Hogan snapped at them angrily, “Knock it off!! I don’t wanna discuss it!” then turned and strode into the barracks and into his office, slamming the door behind him. He was fuming mad at Carter for daring to tell him, his superior officer, what to do and at the others for their attempted breach of his privacy. As he sat on the lower bunk and stared out the window, he realized that he was indeed thinking of doing something with her. However, he doubted he’d have the chance. What a shame, she’s so good-looking!
After roll call that afternoon, Hogan and his men were casually standing outside the barracks talking when Karla crossed the compound to her car. She was obviously ready to leave.
“Sir, did you know she was leaving?” Kinch asked him.
“No, I didn’t know,” Hogan replied, a look of genuine surprise on his face.
Hogan walked over to where Karla’s car was parked. Apparently, she had just finished speaking with Klink and Burkhalter. When Hogan arrived on the scene, Karla said, “Step inside, Colonel Hogan, I have a message for you.”
Uh oh, I wonder if I’m under arrest, Hogan thought nervously.
“Do as the Colonel asks, Hogan,” Burkhalter prompted him, as he stood there motionless.
When Hogan entered the curtained off back seat of the car and closed the door, Karla was sitting on the other side. She reached over, pulled him to her and kissed him fervently.
“You didn’t say anything about leaving,” Hogan said when they separated. He felt himself yearning for her even more now. I thought I’d managed to calm down this morning after that dream I had, but obviously, I haven’t, he thought.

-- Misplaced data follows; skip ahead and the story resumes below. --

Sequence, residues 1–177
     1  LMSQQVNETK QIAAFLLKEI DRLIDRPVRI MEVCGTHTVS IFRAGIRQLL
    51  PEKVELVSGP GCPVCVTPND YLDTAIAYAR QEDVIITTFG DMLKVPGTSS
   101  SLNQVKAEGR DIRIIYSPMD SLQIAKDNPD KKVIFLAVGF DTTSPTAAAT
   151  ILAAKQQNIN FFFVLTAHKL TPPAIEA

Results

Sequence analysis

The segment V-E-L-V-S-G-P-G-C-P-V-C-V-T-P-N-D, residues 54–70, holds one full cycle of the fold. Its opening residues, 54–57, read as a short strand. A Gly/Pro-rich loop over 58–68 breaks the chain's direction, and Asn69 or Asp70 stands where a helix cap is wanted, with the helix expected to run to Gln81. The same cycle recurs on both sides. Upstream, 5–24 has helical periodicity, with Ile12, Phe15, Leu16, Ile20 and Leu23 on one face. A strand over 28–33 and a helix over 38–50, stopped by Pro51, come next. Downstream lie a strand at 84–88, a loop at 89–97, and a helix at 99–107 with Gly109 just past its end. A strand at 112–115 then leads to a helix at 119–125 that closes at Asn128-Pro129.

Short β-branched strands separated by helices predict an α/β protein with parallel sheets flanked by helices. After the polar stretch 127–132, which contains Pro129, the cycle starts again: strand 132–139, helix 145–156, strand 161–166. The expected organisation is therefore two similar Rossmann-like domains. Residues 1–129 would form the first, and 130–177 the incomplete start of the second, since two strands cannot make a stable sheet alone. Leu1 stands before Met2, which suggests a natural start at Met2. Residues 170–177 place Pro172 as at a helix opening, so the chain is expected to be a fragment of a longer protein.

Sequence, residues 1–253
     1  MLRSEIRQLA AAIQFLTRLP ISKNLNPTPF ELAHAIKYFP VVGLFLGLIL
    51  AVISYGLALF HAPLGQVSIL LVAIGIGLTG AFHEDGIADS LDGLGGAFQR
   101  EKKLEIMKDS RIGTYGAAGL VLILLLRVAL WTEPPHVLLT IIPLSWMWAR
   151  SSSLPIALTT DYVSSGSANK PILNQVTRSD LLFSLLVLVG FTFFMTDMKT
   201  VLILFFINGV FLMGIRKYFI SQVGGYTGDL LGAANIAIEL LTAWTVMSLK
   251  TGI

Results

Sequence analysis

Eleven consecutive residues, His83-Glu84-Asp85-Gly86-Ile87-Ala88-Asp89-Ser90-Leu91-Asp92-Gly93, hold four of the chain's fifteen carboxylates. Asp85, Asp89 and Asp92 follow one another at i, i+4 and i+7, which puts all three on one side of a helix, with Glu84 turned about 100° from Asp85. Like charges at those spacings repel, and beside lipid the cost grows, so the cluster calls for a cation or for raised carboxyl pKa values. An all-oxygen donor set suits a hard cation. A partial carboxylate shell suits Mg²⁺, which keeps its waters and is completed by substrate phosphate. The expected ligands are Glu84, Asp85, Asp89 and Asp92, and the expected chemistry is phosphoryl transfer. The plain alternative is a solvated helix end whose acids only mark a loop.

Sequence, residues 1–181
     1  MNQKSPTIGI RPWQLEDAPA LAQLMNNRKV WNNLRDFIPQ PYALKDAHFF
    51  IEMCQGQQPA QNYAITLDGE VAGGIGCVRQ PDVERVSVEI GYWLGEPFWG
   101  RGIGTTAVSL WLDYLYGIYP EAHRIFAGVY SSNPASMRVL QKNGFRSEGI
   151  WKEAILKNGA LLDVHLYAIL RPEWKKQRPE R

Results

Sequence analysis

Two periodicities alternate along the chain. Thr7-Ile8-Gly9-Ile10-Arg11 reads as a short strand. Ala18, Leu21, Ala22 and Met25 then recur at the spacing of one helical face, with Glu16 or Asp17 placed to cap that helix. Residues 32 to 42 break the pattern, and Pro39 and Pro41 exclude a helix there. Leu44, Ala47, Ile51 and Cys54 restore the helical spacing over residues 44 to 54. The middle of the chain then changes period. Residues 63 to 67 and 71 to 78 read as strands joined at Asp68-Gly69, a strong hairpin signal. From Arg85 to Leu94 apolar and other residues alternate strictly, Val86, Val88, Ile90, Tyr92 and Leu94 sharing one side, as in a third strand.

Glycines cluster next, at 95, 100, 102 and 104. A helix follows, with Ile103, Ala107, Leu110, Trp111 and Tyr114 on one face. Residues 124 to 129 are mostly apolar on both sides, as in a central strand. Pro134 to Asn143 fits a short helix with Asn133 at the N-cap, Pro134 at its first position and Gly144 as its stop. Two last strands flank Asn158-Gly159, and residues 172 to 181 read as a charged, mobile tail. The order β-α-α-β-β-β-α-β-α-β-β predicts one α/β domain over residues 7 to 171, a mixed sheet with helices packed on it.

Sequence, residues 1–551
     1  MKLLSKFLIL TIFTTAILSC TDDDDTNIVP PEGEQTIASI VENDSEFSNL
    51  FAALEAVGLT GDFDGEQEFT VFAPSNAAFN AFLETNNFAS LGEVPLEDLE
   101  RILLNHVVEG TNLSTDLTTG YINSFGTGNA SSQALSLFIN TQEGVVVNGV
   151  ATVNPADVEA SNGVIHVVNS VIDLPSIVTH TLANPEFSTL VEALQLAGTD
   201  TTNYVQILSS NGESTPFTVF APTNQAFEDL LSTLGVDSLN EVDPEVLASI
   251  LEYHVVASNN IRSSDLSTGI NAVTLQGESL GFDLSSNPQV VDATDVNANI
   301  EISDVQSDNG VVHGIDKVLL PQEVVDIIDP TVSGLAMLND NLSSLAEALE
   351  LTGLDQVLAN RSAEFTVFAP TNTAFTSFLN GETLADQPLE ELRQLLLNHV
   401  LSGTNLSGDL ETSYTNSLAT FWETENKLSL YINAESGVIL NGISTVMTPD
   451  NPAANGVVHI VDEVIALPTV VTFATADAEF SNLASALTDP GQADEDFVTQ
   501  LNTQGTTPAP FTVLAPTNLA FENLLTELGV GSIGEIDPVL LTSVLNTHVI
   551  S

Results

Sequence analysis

“I just found out this morning. I’ve been ordered to go to Zuglitz on some security matter at the ball bearing plant,” Karla replied.”
“Zuglitz?” Hogan asked. Oh, no! That’s going to be bombed tonight! His heart sank upon hearing this.
* * * * * * *
As Karla kissed Hogan, she felt terrible trying to seduce him just for the sake of getting some answers to her unasked questions about recent and upcoming events. Her suspicions concerning what else he did besides being a POW were founded mostly on hunches and gut feelings after reading the incident reports prepared by the Gestapo. His odd behavior last night just before leaving the Kommandant’s quarters reinforced her suspicions.
When Karla mentioned going to Zuglitz, she saw the sudden expression of concern cross Hogan’s features that he couldn’t hide and that told her all she needed to know. She also noticed that his body was tense as she held him. In fact, it was almost rigid. He knows something’s going to happen, she thought. Perhaps Zuglitz is to be bombed tonight instead of Berlin. However, I need more proof. I need facts. My superior officer will demand nothing less on this case. He has already told me that my punishment for failure will be worse than it was six weeks ago for my defiance! She shivered inwardly at that thought. It may take the loss of a very important ball bearing plant to give him the proof he demanded.
“I’ll be back tomorrow,” Karla said and kissed Hogan lightly on his cheek. He then left the car, closed its door behind him and she felt the jolt as the driver put it in gear and drove off. It took every ounce of willpower she had not to look back through the curtains as the car drove out the gates.
* * * * * * *
Later that night, as Klink, Burkhalter, Schultz and Hilda were in Klink’s quarters waiting to hear the results of tonight’s expected slaughter of Allied bombers over Berlin, Hogan and his men were listening to them via the coffee pot in his office in Barracks 2. When Burkhalter received a phone call and informed the others assembled in the room that Zuglitz had been bombed instead of Berlin, Hogan closed his eyes slowly, leaned against one of the posts of his bunk and said, “Turn it off, Kinch.” He heard the despondency in his voice and opened his eyes.